Scan all class notes. I know it is tedious. I know sometimes the scanner refuses to cooperate, so I spend on hour scanning to find nothing was sent to my e-mail. Just get it done. I’ll be happier knowing that I do not have boxes of files sitting around my desk anymore. I’ll be happier knowing I can find what I need in DropBox and Evernote. I’ll be very happy to recycle everything and know I do not have to pack all these loose papers for Texas and find a place in a small apartment to store them. JUST DO IT.

Keep television to weekends. I do not even really watch much tv, but sometimes it can be easy to watch something I do not care about at all on Netflix or HBO or what have you. This is the last month Bruno and I have as just the two of us, I don’t want to waste it by staring at the tv for the last few hours a day.

Finish re-reading Harry Potter. Here is my fun one. I’m reading Order of Phoenix right now, so I should be able to get done by the end of this month. I want to be done before baby arrives when I plan on listening to them read by Stephen Fry (which I have never done before!). It is always the season for Harry.

I’m keeping it simple this month. Just four! Of course, I plan on continuing to CrossFit for as long as I can until baby comes and watch my social media (holdovers from previous months).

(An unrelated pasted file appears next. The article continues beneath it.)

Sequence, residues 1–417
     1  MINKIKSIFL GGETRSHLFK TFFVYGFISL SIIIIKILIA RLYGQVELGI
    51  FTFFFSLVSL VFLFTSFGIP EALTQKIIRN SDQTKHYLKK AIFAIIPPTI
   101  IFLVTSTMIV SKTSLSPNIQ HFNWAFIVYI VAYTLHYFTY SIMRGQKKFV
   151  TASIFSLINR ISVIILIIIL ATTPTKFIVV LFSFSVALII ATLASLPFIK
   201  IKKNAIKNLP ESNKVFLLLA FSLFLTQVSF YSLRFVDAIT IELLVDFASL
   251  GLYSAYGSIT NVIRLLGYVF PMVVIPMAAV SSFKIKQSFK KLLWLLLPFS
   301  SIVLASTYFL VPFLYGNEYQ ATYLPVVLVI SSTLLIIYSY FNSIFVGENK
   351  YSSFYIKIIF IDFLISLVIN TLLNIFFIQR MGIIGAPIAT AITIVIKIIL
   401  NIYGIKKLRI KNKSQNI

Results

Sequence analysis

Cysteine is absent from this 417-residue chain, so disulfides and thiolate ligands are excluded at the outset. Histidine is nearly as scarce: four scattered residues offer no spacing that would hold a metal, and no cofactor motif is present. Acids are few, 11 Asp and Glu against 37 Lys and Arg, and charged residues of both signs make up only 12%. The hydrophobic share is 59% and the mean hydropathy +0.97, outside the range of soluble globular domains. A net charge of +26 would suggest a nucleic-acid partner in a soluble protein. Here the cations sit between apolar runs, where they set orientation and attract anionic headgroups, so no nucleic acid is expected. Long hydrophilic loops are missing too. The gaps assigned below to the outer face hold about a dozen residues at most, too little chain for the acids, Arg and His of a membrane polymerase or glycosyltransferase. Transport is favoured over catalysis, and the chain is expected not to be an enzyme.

What are your goals for May?

 

 

 

 

Monday Miles : April 29 – May 5, 2019 (35 Weeks Pregnant)

crossfit, lifting, monday miles, pregnancy, training

Greetings from the land of raging heartburn and three hours of sleep! I keep getting told to enjoy my sleep while I can get it and believe me, I’m trying. However — I think when I start giving pregnancy advice, I might consider that the listener, especially if she is in the third trimester, is probably already not sleeping much. Tums can only do so much.

I’m feeling pretty positive though, because it is four weeks until my due date – June 3. Though I know first time pregnancies are more than likely to go over, I know there is an end in sight. I’ll admit I’m ready to have my body back. I’m ready to run again. I’m ready to lift to failure. And if you’ll permit me some vanity, I’m ready to start watching the pounds go down on the scale instead of up.

4 – 29 : CrossFit. 5 rounds for quality – 90 single-unders, 30 seconds double-under attempts, 3 squat cleans. Managed 50, 55, 55, 60, 60 lbs. for squat cleans. Oh man, this one was rough. And I’m pretty sure the only reason it was rough is because of all that jump-rope and my bouncing 35 week pregnant belly. Let me tell you — those two things do not go together well. I would stop every thirty to let things settle. I’ll admit I barely tried during the double-unders. I managed a few, but I treated the thirty seconds more as a breathing break.